To understand the exposure, it is essential to learn the exposure triangle I’ve introduced in earlier post. Let us move towards the factor which effects exposure as well as visual motion, Shutter speed.
What is Shutter Speed?
Shutter speed is the amount of time for which photographic film or sensor is exposed to light. When shutter release button is clicked, camera shutter opens and allows the light to fall on camera sensor. Shutter is open for time according to the value we select, so longer the shutter is open, more is the amount of light we get on sensor. So if shutter is open for longer time, image will be brighter, and for shorter time image will be darker.
Shutter speed is measured in seconds, generally in fractions of second. you must have seen values like 1/125, 1/1000, 2″ on display scree. Those values indicate the shutter speed. For example, value 1/100 indicates that shutter will be open for 1/100th fraction of second, 1/60 indicates 60th fraction of second. DSLR also provides long exposure time.
value 2″ indicates that shutter will be open for 2 seconds. In addition some SLRs provide “BULB” mode in which we can keep shutter open as long as we want.
Shutter speeds available to you on your camera will usually approximately double with each setting. As you move your main dial to change the value, it will change in order of 1/60, 1/125, 1/250, 1/1000 and so on, (or opposite order). Nowadays DSLRs also provide intermediate values. Proper shutter speed is selected to get a perfect exposure
Basically Shutter speed is related to motion in image. We select its value according to the scene in frame. For example, in sports games, we would like to freeze the motion in frame. But in night photography, like a streets at night, trails of vehicle lights create a beautiful frame, thus continuous motion or motion blur can also be artistically wonderful.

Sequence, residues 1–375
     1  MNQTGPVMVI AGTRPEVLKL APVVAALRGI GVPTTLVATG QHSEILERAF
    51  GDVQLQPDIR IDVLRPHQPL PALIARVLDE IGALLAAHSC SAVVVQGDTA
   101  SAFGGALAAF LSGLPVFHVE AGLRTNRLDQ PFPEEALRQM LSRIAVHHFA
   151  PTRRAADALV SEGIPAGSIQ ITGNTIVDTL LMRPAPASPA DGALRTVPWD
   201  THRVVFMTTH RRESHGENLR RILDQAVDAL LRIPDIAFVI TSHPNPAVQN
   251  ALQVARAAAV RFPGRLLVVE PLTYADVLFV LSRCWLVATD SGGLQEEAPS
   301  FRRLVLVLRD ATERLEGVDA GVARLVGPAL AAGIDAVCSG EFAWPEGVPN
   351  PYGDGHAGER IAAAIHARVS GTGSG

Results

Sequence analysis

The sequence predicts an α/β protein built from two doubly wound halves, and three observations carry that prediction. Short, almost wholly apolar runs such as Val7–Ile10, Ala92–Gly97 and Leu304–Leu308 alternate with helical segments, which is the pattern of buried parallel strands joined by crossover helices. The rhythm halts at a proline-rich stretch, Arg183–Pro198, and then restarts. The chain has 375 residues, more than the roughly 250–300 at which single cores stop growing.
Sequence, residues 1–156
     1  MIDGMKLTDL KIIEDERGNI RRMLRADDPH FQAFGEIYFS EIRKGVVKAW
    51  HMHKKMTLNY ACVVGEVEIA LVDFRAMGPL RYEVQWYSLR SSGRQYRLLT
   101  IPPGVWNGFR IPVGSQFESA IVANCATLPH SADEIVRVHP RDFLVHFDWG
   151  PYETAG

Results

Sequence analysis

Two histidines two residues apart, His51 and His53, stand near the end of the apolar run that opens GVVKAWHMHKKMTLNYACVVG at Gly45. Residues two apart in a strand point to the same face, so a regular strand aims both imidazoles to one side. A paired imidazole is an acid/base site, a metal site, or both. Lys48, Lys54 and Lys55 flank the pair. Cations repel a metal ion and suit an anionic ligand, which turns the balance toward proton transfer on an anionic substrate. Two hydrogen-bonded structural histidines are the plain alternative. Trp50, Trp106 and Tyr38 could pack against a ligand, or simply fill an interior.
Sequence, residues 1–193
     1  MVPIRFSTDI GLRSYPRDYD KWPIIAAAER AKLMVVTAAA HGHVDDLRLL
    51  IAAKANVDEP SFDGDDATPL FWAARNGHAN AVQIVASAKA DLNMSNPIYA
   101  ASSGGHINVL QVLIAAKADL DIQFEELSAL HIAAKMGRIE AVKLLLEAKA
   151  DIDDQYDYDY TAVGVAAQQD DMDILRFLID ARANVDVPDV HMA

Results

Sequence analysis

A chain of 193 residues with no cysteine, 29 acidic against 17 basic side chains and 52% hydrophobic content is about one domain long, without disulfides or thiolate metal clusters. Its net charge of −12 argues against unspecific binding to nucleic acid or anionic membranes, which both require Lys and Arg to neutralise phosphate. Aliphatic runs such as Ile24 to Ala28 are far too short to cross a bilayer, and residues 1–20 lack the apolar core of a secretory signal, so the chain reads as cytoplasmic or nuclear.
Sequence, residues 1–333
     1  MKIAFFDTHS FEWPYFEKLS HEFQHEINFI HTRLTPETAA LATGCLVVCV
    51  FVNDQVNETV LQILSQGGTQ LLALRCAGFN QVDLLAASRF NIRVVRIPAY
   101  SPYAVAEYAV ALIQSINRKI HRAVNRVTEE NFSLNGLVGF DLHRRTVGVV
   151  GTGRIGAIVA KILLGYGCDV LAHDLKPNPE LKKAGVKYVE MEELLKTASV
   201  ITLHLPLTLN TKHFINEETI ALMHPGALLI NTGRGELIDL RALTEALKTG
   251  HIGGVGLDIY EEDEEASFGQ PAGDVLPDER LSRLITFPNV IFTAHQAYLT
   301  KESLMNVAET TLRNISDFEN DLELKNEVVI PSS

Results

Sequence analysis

So few questions always arise in our mind, What is the correct shutter speed that we should select? what are the equipments we should use and precautions to take?
When considering what shutter speed to use in an image you should always ask yourself whether anything in your scene is moving and how you’d like to capture that movement. When you want to freeze the motion, faster shutter speed value is chosen (in reference of saying faster, 1/1000 is faster than 1/500).
But as you increase this value in denominator (1/value), your image will get darker and darker, so to get the perfect exposure, either you decrease this value as much as you can, or change other effecting factors, aperture and ISO values. As you goes on decreasing the shutter speed, i.e. increasing the shutter open time, more will be the motion captured. It can be illustrated by following image.
Now there are few things that we should take care care of while taking images on slower shutter speed. while taking images in motion or at night time, at slower shutter speed, camera shake effects your image. Camera shake is movement of camera while shutter is open which results in blurred images. Generally we are responsible this camera shake as it is quite difficult to hold the camera so steady for longer time. Nowadays lenses are designed with “image stabilizer” function to eliminate this movements, but this function is good only up to shutter speed of 1/20 or 1/10 seconds.
So if you are using much slower shutter speed, then you’ll definitely need some support to keep your camera steady. And here we use tripods! While taking images on shutter speed like 2 seconds, 10 seconds, it is recommended that you should use the tripod to get steady and sharp images with the creativity you have filled in it! And yes, if you are using slower shutter speed, more amount of light will be there and image could get much brighter. So to get correct exposure, set other two values accordingly.
Focal length and Shutter Speed
There is one more thing that we must take care of. Focal length also effects the shutter speed. If you are using smaller focal length to capture in wide angle, the it is possible to keep slower shutter speed. But at larger focal length, shutter speed should be little faster. It is because, at larger focal length, you are focusing on very distant object. So small camera shake can effect greatly at this frame, which we could have neglected for wide angle frame.
So while winding up this topic, I’d like to say that what shutter speed value to choose always depends on your creativity. Freezing the movement is fun. But motion blur is also a wonderful factor to create a masterpiece. More you experiment with the shutter speed, more wonderful results you’ll get and more you’ll learn about the exposure. Here are few images I’ve captured at different shutter speed values. I hope you folks will like them!